A Riverside-Brookfield High School student brought an Airsoft gun to the homecoming football game on Oct. 2 and was escorted out of the stadium by Brookfield police. Airsoft guns are replica firearms that look much like real guns but only shoot small, non-lethal, plastic projectiles, much like BB guns.

According to the police report, an officer was approached by two juveniles who told the officer that they saw a boy hand what looked like a BB gun to another boy in the visitor stands. The gun, a pistol, was black and had an orange tip. 

The police officer approached the boy who had been seen with the gun and asked him to exit the field. The officer then asked the boy if he had an Airsoft gun on his person and the boy said yes, adding that it had been given to him by a friend to hold. The officer then asked the boy to give him the Airsoft gun, which the boy did.

The police officer then contacted RBHS Dean of Students Dave Sibley about the incident. 

“The school conducted its investigation simultaneously with the police department,” said District 208 superintendent Kevin Skinkis. “There was an incident at the game and it was addressed swiftly.” 

Skinkis said that discipline was handed out.

“School disciplinary consequences were issued,” said Skinkis without identifying that discipline was handed out.

RBHS principal Kristin Smetana also wasn’t saying much about the incident.

“The school administration and the Brookfield Police Department worked together to investigate and address the situation,” Smetana said in an email. “The school district takes these types of incidents very seriously as student safety is our number one priority.”

On the Monday after the football game, police met separately with the two students at the Brookfield Police Department. Both boys had parents with them at the time, according to the heavily redacted police report. Police said that no threats were made at any time, and no one was in danger.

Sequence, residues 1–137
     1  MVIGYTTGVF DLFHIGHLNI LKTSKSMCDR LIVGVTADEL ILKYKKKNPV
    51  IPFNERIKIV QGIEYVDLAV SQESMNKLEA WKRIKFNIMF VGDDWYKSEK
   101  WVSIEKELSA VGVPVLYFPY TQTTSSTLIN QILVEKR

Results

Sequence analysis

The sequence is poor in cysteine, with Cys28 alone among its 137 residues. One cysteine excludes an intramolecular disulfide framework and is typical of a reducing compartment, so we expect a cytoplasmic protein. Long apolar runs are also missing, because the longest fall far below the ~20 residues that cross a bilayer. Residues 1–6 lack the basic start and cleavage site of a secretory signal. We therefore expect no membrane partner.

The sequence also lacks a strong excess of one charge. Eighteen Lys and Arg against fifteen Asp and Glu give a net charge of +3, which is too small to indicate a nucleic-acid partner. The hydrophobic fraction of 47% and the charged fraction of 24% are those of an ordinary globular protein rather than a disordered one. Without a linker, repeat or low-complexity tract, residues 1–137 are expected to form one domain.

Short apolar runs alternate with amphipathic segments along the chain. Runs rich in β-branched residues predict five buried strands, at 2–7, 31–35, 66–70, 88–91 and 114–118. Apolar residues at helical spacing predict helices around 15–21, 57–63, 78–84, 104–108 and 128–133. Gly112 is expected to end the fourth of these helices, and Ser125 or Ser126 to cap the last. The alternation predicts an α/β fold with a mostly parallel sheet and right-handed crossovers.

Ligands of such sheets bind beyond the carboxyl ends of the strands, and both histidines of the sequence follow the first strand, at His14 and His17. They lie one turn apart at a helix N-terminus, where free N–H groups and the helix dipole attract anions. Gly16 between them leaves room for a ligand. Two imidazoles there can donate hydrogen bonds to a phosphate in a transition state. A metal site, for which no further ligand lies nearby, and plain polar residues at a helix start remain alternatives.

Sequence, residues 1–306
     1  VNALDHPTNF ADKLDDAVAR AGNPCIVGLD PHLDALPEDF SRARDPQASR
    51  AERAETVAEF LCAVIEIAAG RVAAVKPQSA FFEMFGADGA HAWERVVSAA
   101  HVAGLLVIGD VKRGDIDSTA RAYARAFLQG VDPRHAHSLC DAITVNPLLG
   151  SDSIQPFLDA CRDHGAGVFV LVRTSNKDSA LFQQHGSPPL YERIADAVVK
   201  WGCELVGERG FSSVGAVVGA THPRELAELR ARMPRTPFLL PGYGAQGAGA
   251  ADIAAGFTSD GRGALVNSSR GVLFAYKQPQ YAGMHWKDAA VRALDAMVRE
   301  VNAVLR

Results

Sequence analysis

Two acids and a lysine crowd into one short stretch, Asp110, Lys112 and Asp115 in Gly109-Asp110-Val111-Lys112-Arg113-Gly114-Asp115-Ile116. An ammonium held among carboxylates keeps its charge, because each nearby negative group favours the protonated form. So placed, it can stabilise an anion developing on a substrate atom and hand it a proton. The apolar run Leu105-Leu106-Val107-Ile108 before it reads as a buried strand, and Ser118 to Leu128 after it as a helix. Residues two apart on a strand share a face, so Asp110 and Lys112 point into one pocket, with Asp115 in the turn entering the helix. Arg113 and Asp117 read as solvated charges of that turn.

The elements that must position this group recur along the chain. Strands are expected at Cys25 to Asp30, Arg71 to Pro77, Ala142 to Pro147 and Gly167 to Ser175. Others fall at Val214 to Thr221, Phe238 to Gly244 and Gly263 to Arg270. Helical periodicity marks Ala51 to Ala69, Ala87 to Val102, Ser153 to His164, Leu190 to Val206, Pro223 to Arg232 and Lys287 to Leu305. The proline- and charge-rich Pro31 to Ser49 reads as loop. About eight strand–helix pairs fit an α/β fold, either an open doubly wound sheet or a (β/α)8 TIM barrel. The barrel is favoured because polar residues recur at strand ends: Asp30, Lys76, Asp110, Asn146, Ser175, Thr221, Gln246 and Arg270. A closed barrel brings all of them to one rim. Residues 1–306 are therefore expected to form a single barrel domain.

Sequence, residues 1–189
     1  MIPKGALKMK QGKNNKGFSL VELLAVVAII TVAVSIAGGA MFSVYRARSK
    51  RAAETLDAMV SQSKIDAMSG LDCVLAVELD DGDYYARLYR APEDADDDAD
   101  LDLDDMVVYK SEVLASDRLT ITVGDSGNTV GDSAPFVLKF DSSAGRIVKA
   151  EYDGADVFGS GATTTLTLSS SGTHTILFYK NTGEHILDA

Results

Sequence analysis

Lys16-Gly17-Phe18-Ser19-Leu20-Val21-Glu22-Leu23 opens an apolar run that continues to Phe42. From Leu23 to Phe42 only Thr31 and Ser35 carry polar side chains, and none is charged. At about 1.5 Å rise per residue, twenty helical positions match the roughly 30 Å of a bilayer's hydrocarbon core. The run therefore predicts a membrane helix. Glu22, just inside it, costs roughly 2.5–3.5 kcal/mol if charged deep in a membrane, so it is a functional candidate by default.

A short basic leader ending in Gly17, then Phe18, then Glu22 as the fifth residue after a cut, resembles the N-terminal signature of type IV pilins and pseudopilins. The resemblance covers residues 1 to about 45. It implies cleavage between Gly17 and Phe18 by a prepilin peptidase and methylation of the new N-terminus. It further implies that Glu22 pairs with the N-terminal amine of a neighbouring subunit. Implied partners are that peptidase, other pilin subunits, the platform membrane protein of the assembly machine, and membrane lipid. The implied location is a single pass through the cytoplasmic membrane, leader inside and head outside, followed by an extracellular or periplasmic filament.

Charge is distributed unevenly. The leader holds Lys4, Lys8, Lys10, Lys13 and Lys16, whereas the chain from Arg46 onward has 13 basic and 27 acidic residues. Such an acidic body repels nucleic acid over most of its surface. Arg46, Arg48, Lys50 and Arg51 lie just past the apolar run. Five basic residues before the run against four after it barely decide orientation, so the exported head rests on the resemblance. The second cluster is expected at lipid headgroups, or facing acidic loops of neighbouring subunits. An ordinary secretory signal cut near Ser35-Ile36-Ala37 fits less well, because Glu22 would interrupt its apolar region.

Still, said Brookfield Lt. Edward Petrak, police took the report of the weapon very seriously.

“Even though there was no intent to harm or threaten anyone in this instance, just having the air pistol inside that venue could have created a number of different issues, issues and concerns that kids probably never even think about,” Petrak said in an email. “There’s never been a time when bringing a toy gun to a high school football game would be considered acceptable.  

“A few generations ago we would have figured a teen was carrying a BB gun. Today we can’t discount the thought of a teenager carrying the real thing. Had someone not seen the orange tip, the officer on scene may have handled things a little differently that night.”          

According to the police report, the officer explained the seriousness of the incident to the teen and explained what could have happened. The student stated that he was sorry for the trouble he caused.

No criminal charges were filed.

Petrak said that he hoped the incident could be used as a way to educate parents and children about the weapons, which are popular.

“We do occasionally receive calls about kids walking around with these guns,” Petrak said. “It alarms people and it can put an officer in a difficult spot. Many manufactures of these Airsoft pistols design them to replicate the look of a real gun. From a distance it’s very hard to distinguish a toy gun from the real thing.”  

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